38. I made a sale of goods to an overseas client. Upon his request, the goods were delivered to a local forwarding agent, who arranges them to be exported to my overseas client. Do I have to charge GST to my overseas client? 

No GST is charged to your overseas client, if the export is done in your name. In other words, the sale of goods can be zero-rated if it is exported by you. However, you need to keep proof of export such as Custom No.2 (Export declaration) address of consignee, bills of lading/airway bills, packing lists/delivery notes, other shipping documents and insurance documents.

39. My local customer claim the goods he purchased from me will be exported and requested me to zero-rate the goods. Can I zero rate the goods sold to my local customer? 

You should treat the supply as a local sale and you have to charge GST. Your customer can zero-rate his supply to his foreign customer if he exports the goods.

40. What is the treatment for goods temporary exported for repair and subsequently re-imported?

Goods exported temporarily for repair and subsequently imported will be given relief. However, any replacement of parts and components added on the goods are subject to GST at the time of importation. Please refer to GST (Relief) Order 20XX.

Farming In/Out (Sub-Contract Works) 

41. If I am a manufacturer doing sub-contract work, can I claim input tax incurred for my purchases?

Yes, you are allowed to claim input tax on GST paid on your purchases even though you are not producing your own goods. As long as you are a registered person making taxable supplies like providing workmanship and some value added work, you can claim input tax incurred on your purchases. You must keep original tax invoices from your suppliers to support your claim for input tax credit. 

42. How is the GST treatment if I as a sub-contractor engaged in contract manufacturing with overseas principals for local delivery and export purpose? 

There is a scheme known as “Approved Toll Manufacturer Scheme (ATMS)” to relieve local toll manufacturers who engaged in substantial business with overseas principals. Under this scheme you as a toll manufacturer are eligible to suspend the payment of GST on imported goods which were supplied by your overseas principal, subject to certain conditions to be fulfilled under the Approved Traders Scheme (ATS).

43. I did not meet the requirement under the ATMS where the percentage of drop-shipment is more than 20%, what is the GST implication on the processed goods which I delivered locally?  

In the case where you are not eligible to apply for ATMS, the processed goods delivered locally is treated as a supply and hence is subjected to GST. It is because the possession of goods is transferred (under an agreement for the sale of the goods) from the toll manufacturer to the local customer.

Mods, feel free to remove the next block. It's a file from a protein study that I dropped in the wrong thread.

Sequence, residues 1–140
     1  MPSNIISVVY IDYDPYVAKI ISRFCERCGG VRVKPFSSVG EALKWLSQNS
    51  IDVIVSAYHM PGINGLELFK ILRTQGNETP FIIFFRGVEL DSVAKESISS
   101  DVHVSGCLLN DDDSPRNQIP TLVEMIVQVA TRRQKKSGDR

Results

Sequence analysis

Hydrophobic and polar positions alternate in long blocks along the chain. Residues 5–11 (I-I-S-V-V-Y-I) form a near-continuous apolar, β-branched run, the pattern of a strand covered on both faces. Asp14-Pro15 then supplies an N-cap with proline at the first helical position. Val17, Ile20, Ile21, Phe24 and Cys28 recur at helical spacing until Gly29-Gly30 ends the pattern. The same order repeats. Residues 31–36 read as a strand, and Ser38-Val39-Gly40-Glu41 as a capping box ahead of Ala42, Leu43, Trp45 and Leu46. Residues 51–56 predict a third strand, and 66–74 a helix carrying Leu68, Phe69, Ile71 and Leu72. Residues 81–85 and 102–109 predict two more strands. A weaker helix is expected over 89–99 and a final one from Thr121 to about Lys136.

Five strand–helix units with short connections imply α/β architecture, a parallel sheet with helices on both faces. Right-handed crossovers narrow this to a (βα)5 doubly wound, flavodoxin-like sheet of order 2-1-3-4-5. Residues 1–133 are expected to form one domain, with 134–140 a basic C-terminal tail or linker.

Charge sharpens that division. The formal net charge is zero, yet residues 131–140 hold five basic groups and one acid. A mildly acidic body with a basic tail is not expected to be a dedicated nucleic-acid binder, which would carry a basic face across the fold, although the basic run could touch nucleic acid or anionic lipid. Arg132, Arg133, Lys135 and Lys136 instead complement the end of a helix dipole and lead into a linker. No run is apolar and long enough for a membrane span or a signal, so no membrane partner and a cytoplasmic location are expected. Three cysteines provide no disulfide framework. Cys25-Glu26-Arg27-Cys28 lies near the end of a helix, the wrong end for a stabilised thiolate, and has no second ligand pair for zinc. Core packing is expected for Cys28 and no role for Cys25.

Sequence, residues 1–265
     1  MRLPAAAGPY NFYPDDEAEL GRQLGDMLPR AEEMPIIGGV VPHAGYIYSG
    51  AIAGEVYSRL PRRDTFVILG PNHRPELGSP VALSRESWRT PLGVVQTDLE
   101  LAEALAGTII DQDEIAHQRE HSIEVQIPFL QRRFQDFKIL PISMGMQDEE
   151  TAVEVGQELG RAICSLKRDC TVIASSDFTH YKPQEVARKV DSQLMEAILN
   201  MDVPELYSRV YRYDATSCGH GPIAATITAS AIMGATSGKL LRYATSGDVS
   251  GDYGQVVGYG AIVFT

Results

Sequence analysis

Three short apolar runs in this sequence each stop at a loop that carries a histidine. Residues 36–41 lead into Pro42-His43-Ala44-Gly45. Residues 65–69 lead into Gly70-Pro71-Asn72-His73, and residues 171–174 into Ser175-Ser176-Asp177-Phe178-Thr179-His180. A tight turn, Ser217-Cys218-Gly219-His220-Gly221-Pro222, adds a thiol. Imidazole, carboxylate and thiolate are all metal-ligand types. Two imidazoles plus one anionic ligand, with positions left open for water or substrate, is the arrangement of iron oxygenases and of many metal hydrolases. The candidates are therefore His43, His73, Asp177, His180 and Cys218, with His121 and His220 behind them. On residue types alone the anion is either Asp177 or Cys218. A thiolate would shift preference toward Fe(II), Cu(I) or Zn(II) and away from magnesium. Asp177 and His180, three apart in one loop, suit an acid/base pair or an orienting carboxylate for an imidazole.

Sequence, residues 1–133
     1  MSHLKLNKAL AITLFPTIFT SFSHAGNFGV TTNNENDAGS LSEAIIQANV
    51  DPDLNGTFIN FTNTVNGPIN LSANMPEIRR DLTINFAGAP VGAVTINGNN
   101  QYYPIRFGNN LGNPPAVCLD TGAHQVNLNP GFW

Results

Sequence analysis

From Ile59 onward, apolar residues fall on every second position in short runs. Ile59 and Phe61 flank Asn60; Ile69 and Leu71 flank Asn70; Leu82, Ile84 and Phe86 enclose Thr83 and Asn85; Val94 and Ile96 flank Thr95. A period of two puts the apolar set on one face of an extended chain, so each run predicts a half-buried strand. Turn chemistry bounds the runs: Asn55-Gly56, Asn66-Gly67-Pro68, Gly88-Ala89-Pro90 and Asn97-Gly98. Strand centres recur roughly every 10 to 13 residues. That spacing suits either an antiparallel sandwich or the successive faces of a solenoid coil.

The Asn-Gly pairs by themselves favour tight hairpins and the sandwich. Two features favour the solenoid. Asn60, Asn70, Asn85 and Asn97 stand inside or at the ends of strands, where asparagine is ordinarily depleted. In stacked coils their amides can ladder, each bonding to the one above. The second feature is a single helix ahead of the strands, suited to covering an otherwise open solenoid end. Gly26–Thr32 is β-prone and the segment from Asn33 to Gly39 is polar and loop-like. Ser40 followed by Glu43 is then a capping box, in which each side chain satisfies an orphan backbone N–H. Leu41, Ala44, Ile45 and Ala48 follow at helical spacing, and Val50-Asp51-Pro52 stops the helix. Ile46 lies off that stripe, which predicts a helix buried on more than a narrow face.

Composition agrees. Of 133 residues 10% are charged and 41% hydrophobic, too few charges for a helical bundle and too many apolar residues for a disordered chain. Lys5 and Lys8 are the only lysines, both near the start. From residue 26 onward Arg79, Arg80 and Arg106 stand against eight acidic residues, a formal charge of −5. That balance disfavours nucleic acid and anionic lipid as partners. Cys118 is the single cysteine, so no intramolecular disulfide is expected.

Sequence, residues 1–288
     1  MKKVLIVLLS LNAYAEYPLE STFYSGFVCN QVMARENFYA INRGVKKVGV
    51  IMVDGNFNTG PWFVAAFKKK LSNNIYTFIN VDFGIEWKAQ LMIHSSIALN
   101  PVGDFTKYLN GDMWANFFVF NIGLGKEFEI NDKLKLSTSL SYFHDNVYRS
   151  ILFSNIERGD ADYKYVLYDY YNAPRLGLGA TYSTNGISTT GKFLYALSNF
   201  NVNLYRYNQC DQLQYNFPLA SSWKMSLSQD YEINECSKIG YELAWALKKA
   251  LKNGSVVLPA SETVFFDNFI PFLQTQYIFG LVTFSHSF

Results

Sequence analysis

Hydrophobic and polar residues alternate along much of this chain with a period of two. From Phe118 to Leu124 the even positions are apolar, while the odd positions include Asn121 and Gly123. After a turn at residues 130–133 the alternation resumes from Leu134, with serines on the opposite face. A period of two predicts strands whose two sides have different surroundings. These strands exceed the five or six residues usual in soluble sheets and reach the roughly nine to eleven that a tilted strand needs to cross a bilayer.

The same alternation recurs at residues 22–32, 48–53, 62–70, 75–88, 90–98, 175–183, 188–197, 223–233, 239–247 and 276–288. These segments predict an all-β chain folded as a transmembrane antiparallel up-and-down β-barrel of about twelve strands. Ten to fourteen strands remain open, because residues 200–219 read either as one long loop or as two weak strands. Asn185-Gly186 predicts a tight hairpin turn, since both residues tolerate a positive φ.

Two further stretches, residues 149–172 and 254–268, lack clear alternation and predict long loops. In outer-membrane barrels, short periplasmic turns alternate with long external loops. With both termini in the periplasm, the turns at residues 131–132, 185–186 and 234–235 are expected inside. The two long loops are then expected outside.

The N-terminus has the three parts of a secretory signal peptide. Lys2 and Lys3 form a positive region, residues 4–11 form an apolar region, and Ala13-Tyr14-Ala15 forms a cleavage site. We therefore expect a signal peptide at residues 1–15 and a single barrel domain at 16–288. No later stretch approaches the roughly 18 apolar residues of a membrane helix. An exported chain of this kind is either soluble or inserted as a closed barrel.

Other related matters 

44. If I loan some materials to another manufacturer for his urgent use, do I have to account for GST output tax?

Yes, It is a supply because the business asset is transferred to another manufacturer.

45. If I loan a machine to another manufacturer for his use, do I have to account for GST output tax?  

Yes, GST is due because it is treated as a supply of services even though the loan is not for a consideration. You have to account for GST based on the open market value of such supply of services.

46. My goods were lost in the course of delivery to my customer. Do I have to account the GST? 

This depends on the contract between you and your customer. If the contract makes either party liable (the sale has taken place), then you must account for GST even if the goods are lost on delivery. However, if you wish to cancel the sale you may do so and if invoice has been issued then you must issue a credit note to contra the GST payable. On the other hand, if the contract does not make either party liable, then there is no GST liability on the loss of the goods on the delivery.  

47. What happen if my customers fail to make payment on goods previously supplied where output tax has been accounted?

You can claim bad debt relief for your debts or any doubtful debts on the whole or any part of the GST output tax paid in respect of taxable supplies subject to the following conditions:-

(a) you have already accounted for and paid the tax on the supply,

(b) you have not received any payment or part payment six months from the time of supply or the debtor has become insolvent before the period of six months has lapsed,  and

(c) you have taken sufficient efforts to recover the debt.

48. What is the GST treatment on disposal of manufacturing waste?

If the waste is destroyed, no GST is due as there is no supply made. However, if you decide to sell the waste, GST must be imposed on such sales.

49. I receive my goods in carton boxes and wooden pallets. These packaging materials will be taken by appointed person who cleans the unloading area. What is the GST treatment?   

Since the packaging materials are not recorded as your assets, you need not account for GST.